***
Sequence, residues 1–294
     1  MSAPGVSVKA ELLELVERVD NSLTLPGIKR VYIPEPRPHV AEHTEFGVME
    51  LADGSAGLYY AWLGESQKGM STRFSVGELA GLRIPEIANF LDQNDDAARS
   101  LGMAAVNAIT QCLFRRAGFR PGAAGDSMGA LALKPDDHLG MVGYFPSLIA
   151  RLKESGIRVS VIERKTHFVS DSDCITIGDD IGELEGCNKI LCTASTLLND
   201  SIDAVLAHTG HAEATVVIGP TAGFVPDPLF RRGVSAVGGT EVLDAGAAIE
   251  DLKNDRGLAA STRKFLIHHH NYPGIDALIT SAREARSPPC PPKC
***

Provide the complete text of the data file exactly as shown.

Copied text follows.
Sequence, residues 1–294
     1  MSAPGVSVKA ELLELVERVD NSLTLPGIKR VYIPEPRPHV AEHTEFGVME
    51  LADGSAGLYY AWLGESQKGM STRFSVGELA GLRIPEIANF LDQNDDAARS
   101  LGMAAVNAIT QCLFRRAGFR PGAAGDSMGA LALKPDDHLG MVGYFPSLIA
   151  RLKESGIRVS VIERKTHFVS DSDCITIGDD IGELEGCNKI LCTASTLLND
   201  SIDAVLAHTG HAEATVVIGP TAGFVPDPLF RRGVSAVGGT EVLDAGAAIE
   251  DLKNDRGLAA STRKFLIHHH NYPGIDALIT SAREARSPPC PPKC